After you’re gone…

…your final resting place in Argentina might be the Recoleta Cemetery, dating back almost 400 years. Since the Cemetery is near the top of the list for places to see when visiting Buenos Aires, you would have lots of visitors after you’re gone.

A trip to the Cemetery provided inspiration to photograph in black and white. We rarely do that, but somehow black and white seemed fitting.

Version 2

Looking down from the top of an elaborate sculpture, what was the angel trying to tell us?

Within the high brick walls the cemetery contains 4,691 above ground vaults.

Within the high brick walls the cemetery contains 4,691 above ground vaults.

As we wandered down lanes, there didn’t seem to be any standard “design” for the vaults. Some were lavishly decorated, others were simple, and a significant number were in a state of advanced decay. All were unique.

Most of the metal doors had wrought iron decoration. A few, like this, had curtains.

Most of the metal doors had wrought iron decoration. A few, like this, had curtains.

We also saw another form of “curtain” –cobwebs - blocking our view inside.

We also saw another form of “curtain” –cobwebs – blocking our view inside.

Plaques extolled the attributes of the departed loved one.

Plaques extolled the attributes of the departed loved one.

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Every time we turned another corner there was a view worthy of a photograph.

And sometimes the photograph was of another vault in a state of ruin. This vault seemed to be crumbling before our very eyes.

And sometimes the photograph was of another vault in a state of ruin. This vault seemed to be crumbling before our very eyes.

We suppose that some of these vaults are so old now that there are few family members close by or with sufficient means to maintain them. We read somewhere that repairs could run up to $50,000 US for those in the worst condition.

We couldn’t help but wonder about the people who now occupied each grave site. Presidents of Argentina, Nobel Laureates, and ordinary citizens are buried at Recoleta. We did know enough Argentinian history to visit the monument-vault for Domingo Faustino Sarmiento, President of Argentina from 1868-1874.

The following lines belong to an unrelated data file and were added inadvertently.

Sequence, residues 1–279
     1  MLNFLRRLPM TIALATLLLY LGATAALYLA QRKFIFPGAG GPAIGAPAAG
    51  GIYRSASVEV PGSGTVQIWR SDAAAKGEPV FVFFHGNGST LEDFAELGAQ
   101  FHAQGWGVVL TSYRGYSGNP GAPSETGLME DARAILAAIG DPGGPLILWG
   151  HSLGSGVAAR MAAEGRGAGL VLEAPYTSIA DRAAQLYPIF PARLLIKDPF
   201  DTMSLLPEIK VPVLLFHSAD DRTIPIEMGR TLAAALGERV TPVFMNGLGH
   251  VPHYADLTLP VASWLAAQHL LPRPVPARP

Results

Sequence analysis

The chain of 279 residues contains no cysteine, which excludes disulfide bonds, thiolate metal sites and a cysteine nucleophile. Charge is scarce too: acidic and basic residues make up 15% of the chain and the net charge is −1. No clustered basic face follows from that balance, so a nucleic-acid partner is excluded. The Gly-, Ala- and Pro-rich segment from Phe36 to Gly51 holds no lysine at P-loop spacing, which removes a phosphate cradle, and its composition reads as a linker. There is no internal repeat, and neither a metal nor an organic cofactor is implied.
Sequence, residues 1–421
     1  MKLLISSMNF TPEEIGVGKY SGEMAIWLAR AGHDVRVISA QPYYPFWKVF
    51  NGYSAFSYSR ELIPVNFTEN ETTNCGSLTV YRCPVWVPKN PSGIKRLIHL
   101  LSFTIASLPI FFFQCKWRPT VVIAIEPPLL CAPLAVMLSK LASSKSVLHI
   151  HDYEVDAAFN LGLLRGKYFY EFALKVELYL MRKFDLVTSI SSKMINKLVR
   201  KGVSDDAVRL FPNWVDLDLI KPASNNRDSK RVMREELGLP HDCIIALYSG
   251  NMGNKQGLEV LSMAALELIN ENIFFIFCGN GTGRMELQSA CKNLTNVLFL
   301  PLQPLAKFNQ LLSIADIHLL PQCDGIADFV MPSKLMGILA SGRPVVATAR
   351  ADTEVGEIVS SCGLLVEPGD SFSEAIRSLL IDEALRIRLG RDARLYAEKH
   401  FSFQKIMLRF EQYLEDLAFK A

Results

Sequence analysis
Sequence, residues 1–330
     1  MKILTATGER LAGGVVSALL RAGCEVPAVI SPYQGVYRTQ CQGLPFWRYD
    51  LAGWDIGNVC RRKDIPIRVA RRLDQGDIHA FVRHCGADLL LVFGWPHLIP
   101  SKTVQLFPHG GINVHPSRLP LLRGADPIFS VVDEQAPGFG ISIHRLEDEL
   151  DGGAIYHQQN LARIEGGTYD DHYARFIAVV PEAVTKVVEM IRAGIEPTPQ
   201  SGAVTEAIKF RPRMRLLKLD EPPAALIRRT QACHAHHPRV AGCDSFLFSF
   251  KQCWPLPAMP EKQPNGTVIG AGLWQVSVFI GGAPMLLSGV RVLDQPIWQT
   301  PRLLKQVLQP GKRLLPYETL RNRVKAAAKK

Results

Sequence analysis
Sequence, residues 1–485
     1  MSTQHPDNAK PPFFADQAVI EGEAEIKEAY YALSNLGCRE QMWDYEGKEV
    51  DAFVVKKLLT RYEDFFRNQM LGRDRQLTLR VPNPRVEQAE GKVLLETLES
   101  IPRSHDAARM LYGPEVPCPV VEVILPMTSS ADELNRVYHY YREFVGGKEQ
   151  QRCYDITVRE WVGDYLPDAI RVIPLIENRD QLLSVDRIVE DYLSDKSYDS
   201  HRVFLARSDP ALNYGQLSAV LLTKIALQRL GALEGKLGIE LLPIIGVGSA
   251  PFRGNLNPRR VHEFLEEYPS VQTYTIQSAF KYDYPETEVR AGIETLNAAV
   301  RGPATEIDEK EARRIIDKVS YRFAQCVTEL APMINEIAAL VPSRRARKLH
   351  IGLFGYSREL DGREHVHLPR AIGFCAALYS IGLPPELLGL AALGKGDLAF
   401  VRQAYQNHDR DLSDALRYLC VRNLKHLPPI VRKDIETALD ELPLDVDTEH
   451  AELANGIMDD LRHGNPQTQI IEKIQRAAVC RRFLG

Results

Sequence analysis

Certainly the most famous person buried in Recoleta Cemetery is Eva Peron, the second wife of the President of Argentina from 1946-1952. People were gathered in front of the Duarte Family vault when we got there, and many fresh flowers were placed in the door’s grillwork. Evita has not been forgotten.

Certainly the most famous person buried in Recoleta Cemetery is Eva Peron, the second wife of the President of Argentina from 1946-1952. People were gathered in front of the Duarte Family vault when we got there, and many fresh flowers were placed in the door’s grillwork. Evita has not been forgotten.

Military guards stand vigil. The engraving referred to the Paraguayan War in the 19th Century.

Military guards stand vigil. The engraving referred to the Paraguayan War in the 19th Century.

Too many people have died in war. Maybe rather than military guards standing vigil in front of the vault, a symbol of peace should be invoked.

We had never heard of the Paraguayan War, so we looked it up. The war, fought between 1864-1870, pitted Paraguay against Argentina, Brazil, and Uruguay. When the war seemed over, Paraguay continued a guerrilla war until Brazilian forces killed its president. In the end, 70% of the men in Paraguay died as a result. The cause of the war was due to unsettled land issues from colonial times in a climate of expanding military capacities of these competing nations.

Recoleta Cemetery is considered one of the most interesting cemeteries in the world. There are three centuries of history and art within the walls – and a lot of sad and inspiring stories.

 

 

October 2016

About simpletravelourway

Beth and Joe enjoy simple travel.
This entry was posted in Argentina, South America - 2016 and tagged , , , , , , , . Bookmark the permalink.

6 Responses to After you’re gone…

  1. Pingback: If we were to do it again – what changes would we make? | simpletravelourway

  2. VYLYST says:

    I used not to like cemeteries but after visiting the Pere Lachaise in Paris, I changed my mind. Have you been there?

  3. Cliff Mail says:

    We will often drop in on a cemetary, they can tell you a lot about the locale. Have not seen one as grandiose as that though. In our travels the conclusion we have come to about war is “when oh when will mankind learn that war achieves nothing (other than maybe as a check on poulation growth”

  4. It’s like a cemetery city, quite different to any I’ve ever seen. So interesting.

  5. taphian says:

    wonderful gallery and really interesting to see how graveyards look there

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